The Hitzaskiar Persian Scale

This exotic scale sounds “WOW” on the Alto Kalimba

I remember being 8 years old, getting to stay up late to watch “Lawrence of Arabia” on TV. Even as I drowsed, I found myself listening attentively to its dazzling music.

How grand! The music’s sumptuous scales sounded ethnic and different. It was moving and magical. Did the composer actually understand middle-eastern music and scales? Or was he just “making it up”? Probably both.

The cool thing about the kalimba is that you can just “make it up.” Here, I have made up the “Hitzaskiar” tuning for the Hugh Tracey Alto Kalimba. The Hitzaskiar is an actual ancient scale from Persia, but how many times has it been played on the Alto Kalimba? At least once (!)

 

The music you hear is from a video showing the Hitzaskiar scale on the Alto kalimba. A friend of mine got tired of the key of “vanilla C,” and to remedy this, I retuned less than half the tines on my friend’s kalimba by a half-step. This is not a difficult retuning, and you could probably accomplish it yourself. And here it is!

The first 10 seconds of the video plays only the notes that haven’t been retuned – it sounds just like the standard G major-tuned Alto kalimba.

At 10 seconds, you get the first glimpse of the scale, which is seriously minor in nature.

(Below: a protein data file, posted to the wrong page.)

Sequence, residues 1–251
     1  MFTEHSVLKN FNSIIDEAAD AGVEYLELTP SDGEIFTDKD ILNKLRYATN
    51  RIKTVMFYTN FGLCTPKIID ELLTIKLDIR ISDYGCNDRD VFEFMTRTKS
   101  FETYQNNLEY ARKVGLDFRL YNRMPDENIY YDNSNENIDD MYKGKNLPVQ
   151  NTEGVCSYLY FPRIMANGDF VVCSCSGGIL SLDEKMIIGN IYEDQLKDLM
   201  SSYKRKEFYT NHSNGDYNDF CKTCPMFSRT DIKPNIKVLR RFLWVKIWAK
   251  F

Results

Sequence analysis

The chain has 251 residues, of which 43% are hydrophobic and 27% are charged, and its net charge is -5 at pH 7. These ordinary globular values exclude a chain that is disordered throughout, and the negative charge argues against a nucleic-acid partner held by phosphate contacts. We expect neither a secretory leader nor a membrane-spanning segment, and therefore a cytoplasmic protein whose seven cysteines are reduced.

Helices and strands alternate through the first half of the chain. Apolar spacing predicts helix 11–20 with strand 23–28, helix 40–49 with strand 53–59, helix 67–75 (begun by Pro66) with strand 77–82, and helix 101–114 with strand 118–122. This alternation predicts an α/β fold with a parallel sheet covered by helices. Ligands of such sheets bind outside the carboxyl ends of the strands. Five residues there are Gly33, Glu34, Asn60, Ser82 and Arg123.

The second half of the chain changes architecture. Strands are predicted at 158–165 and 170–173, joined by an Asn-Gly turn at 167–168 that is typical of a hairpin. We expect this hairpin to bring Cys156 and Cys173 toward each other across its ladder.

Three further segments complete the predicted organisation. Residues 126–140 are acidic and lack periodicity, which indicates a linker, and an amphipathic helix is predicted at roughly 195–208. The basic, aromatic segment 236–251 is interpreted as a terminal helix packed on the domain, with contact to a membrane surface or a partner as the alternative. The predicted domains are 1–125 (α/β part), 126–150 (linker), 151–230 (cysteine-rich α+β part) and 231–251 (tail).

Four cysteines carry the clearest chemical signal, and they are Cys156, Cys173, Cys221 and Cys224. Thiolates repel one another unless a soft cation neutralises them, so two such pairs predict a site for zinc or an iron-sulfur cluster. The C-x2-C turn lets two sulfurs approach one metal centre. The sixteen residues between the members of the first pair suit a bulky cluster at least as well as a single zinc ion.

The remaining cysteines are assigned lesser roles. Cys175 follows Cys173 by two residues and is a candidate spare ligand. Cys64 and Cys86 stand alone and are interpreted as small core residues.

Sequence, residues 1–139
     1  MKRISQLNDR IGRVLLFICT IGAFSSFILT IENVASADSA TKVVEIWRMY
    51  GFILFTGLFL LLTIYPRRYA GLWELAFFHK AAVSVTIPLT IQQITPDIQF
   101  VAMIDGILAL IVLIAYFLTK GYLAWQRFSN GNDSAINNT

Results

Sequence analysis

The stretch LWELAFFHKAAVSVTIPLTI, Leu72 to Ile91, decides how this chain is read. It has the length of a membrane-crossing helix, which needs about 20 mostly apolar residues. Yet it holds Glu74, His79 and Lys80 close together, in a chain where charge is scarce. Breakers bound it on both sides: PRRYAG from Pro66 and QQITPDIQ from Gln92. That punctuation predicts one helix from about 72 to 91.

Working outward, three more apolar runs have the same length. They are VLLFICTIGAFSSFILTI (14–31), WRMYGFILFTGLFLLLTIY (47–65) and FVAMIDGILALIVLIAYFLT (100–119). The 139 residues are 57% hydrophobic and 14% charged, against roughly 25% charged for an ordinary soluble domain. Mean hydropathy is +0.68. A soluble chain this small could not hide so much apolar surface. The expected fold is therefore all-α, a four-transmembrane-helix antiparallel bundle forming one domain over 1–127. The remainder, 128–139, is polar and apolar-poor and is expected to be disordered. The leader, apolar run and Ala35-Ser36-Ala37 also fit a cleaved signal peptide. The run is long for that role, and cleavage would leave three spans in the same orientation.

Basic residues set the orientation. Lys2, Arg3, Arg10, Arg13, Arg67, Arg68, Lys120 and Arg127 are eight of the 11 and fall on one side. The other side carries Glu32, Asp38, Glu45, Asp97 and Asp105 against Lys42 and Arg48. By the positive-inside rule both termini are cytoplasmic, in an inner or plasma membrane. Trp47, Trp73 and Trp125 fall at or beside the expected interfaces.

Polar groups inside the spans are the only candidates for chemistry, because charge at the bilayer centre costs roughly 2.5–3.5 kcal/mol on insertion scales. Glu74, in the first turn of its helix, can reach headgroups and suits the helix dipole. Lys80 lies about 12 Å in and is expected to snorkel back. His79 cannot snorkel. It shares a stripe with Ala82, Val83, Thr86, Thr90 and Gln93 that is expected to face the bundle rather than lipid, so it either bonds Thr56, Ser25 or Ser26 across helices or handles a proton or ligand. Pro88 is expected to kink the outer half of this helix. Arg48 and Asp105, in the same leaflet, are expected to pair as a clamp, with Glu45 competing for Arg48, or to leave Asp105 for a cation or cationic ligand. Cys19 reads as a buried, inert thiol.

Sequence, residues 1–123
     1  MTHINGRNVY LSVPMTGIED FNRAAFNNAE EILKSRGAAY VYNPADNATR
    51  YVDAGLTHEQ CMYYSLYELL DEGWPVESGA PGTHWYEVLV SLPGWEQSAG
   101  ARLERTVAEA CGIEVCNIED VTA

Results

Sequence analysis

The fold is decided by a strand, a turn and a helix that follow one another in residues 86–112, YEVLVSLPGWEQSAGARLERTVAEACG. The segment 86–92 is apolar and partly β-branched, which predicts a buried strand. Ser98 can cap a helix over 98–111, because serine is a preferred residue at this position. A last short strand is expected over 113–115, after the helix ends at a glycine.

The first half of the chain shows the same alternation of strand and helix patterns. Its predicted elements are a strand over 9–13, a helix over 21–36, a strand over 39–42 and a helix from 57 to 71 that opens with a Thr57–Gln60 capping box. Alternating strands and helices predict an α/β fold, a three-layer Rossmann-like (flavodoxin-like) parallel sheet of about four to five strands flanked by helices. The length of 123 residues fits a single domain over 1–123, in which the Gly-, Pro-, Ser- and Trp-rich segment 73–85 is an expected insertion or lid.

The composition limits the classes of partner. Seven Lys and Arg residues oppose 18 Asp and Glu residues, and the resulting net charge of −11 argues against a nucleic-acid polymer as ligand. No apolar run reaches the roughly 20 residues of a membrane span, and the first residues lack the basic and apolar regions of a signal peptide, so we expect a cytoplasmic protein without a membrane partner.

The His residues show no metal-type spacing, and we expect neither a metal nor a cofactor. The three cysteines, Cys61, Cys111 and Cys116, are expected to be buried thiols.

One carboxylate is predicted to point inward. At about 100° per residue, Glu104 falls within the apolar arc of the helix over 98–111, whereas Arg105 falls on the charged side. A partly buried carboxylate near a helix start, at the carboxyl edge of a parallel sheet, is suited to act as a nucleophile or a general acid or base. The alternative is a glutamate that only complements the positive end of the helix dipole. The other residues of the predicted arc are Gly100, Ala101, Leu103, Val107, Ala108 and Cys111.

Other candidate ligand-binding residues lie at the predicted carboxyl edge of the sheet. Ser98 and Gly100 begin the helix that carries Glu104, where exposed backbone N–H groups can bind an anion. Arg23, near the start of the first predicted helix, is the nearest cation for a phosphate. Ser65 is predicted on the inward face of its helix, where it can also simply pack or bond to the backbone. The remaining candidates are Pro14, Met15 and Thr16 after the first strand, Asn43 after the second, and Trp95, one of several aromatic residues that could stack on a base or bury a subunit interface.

The music before 10 seconds is like defining home base. This is where we will keep returning to, the safe refuge, the start and the end point of the journey. The red dots represent this home base – the G tines. The G chord is made by playing these red-dot tines along with the two higher adjacent tines – you can see that pattern played repeatedly.

There are other places to go, away from home. One of them is a mirror image of the G chord. It is the Ab (A flat) major chord, which in and of itself is not spooky – but played right next to the G major chord, the Ab major chord is spooky.

And one other significant place to go away from home is the C minor chord that comes in firmly at 0:39 in the video. The black dots here are on the C tines, and the C minor chord is played by playing the C notes and the two next higher tines.

There are no rules for using colored dots on the tines to help you. Pick a few notes that are important to your playing, and mark them to remind you to come back to those tines. They hold a special place, or fill a special role. These dots are like targets you can aim for when you are at sea. You can see this in action at 0:39, where first I am fumbling in empty space, and then jumping on to the black dots.

I love daydream-traveling around the world, imagining what life is like in another place and another time, making my own middle-eastern sound track on my Hitzaskiar-tuned Alto kalimba.

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